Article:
Work as editor and translator

After the publication of the Grammaire générale , Beauzée worked in a variety of ways as an editor and translator. In 1769 he published Abbé Gabriel Girard's Synonymes françois , in 1787 Thomas à Kempis ' De imitatione Christi and Isaac Newton's Optics in the translation by Jean-Paul Marat . Beauzée himself translated the Historiae Sallusts , the Historiae Alexandri Magni of the Roman historian Quintus Curtius Rufus and à Kempis' Four Books of the Imitation of Christ . For the three-volume Grammaire et littérature by the French writer Jean-François Marmontel , he contributed revised articles from the Encyclopédie .

Admission to the Académie française and final years

After several unsuccessful attempts, Beauzée was appointed to the Académie française in 1772 to succeed his friend Charles Pinot Duclos . Only the fact that Louis XV. had previously rejected two other candidates, clouded his success. Influential circles of the French court tried to keep the philosophes out of the Académie and Beauzée was - despite his authorship for the Encyclopédie - as a sure candidate. His inaugural address reflects his attitude towards Catholicism and royalty: Beauzée described language as the “natural basis of religion” ( base naturelle de la Religion ) and Louis XV. was praised by him as the "best of kings" ( meilleur des Rois ).

The statements about Beauzée's attitude towards the French Revolution are contradictory. While the Abbé Molleret puts him in a row with the Marquis de Condorcet and Nicolas Chamfort and other academicians who "were revolutionaries with all the power of the word" ( étaient révolutionnaires dans toute la force de ce mot ), this does not coincide with the Statements by Chamfort, Rivarol and others of his contemporaries, which characterize him as a scholar who was primarily concerned with his work. In addition, Béauzee died as early as January 1789, when the French Revolution was just beginning.

Works (selection)

Standalone fonts
  • Exposition abrégée des preuves historiques de la religion chrétienne, pour lui servir d'apologie contre les sophismes de l'irréligion (1747)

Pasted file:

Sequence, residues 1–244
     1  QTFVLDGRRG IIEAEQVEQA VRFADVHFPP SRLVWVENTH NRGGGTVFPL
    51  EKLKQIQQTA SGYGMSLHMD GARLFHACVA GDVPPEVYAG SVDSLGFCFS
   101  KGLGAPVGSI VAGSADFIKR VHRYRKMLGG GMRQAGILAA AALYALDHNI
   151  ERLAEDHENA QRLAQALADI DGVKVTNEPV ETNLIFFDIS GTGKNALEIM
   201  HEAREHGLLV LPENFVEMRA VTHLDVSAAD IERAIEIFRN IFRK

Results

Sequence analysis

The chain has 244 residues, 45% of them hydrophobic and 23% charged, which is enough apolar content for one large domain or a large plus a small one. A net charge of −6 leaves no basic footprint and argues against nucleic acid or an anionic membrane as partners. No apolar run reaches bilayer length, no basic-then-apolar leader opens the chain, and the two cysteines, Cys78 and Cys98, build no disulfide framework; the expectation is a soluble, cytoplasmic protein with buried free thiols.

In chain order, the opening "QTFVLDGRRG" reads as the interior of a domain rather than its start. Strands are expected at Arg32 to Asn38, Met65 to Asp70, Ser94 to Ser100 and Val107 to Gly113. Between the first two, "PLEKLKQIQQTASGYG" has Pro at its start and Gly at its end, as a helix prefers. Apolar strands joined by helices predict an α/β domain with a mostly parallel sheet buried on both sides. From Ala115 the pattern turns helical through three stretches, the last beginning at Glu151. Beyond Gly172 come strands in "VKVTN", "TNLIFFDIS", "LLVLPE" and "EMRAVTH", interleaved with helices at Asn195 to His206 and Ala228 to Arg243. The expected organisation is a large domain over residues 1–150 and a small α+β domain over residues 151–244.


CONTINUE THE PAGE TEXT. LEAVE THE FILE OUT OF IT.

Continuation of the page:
• Grammaire générale ou exposition raisonnée des éléments nécessaires du langage, pour servir de fondement à l'étude de toutes les langues (1767, available online from Gallica , the digitization project of the French National Library; modern print edition: reprint of the Paris 1767 edition, with an introduction by Barrie E. Bartlett, Stuttgart [ua] 1974; see also: Barrie E. Bartlett, Beauzée's Grammaire générale. Theory and methodology , The Hague 1975, ISBN 90-279-3433-9 )
As editor
  • Synonymes françois, leurs différentes significations et le choix qu'il en faut faire pour parler avec justesse par M. l'abbé Girard… (1769)
  • Optique de Newton, traduction nouvelle faite par M *** [Marat] sur la dernière édition originale… dédiée au roi par M. Beauzée, éditeur de cet ouvrage… (1787, available online via Gallica)


  • Beauzée, Nicolas , in: Frank Arthur Kafker, The encyclopedists as individuals: a biographical dictionary of the authors of the Encyclopédie, Oxford 1988, ISBN 0-7294-0368-8 , pp. 26-29 (there also references to further literature) .
  • Pierre Swiggers: Les conceptions linguistiques des Encyclopédistes: étude sur la constitution d'une théorie de la grammaire au Siècle des Lumières , Heidelberg 1984, ISBN 3-87276-520-5 , passim.
  • Pierre Swiggers: La grammaire dans l'Encyclopédie: état actuel des études , in: Contributions to Romance Philology 20.2 (1981), ISSN  0005-8181 , pp. 175-193.

Web links


  1. Frank A. Kafker: Notices sur les auteurs of dix-sept volumes de "discours" de l'Encyclopédie. Research on Diderot et sur l'Encyclopédie. 1989, Volume 7, Numéro 7, p. 129
  2. Kafker, The encyclopedists as individuals , p. 27: "That Beauzée agreed to work on this freethinking book is surprising, since his only publication until then had the orthodox Exposition abrégée des preuves historiques de la religion chrétienne, pour lui servir d ' apologie contre les sophismes de l'irréligion . "
  3. Quoted here from Kafker, The encyclopedists as individuals , p. 27.
  4. Kafker, The encyclopedists as individuals , p. 27.
  5. "sans contredit le plus habile homme qu'il y ait à cette école, le plus estimé et le plus honnête", here quoted from Kafker, The encyclopedists as individuals , p. 27.
  6. ^ Diderot, Correspondance littéraire : “n'a pas paru inférieur à celui de M. Dumarsais; ce qui est un assez bon éloge ”, here quoted from Kafker, The encyclopedists as individuals , p. 27.
  7. ^ Georg Bossong: The beginnings of typological thinking in European rationalism. P. 7 (PDF; 187.93 kB).
  8. Nicolas Beauzée , in: Julien Tell, Les grammairiens français: depuis l'origine de la grammaire en France jusqu'aux dernières oeuvres connues, ouvrage servant d'introduction à l'étude générale des langues , Paris 1973, pp. 150–151 , here p. 151, available online from Gallica.
  9. ^ “Vagues speculations métaphysiques sur les opérations de l'esprit”, Gunvor Sahlin, César Chesneau Du Marsais et son rôle dans l'évolution de la Grammaire générale , Paris 1928, p. 4.
  10. Bartlett, Beauzée's Grammaire générale , p. 187.
  11. ^ Membership list of the Crusca
  12. Diderot said that the work could tolerate “plus de clarté dans le discours et plus de goût dans le choix des examples”, quoted here from Kafker, The encyclopedists as individuals , p. 28.
  13. Kafker, The encyclopedists as worth individuals , p. 28
  14. ^ Andé Molleret, Mémoires inédits , 2nd edition, Genève 1822, here quoted from Kafker, The encyclopedists as individuals , p. 28.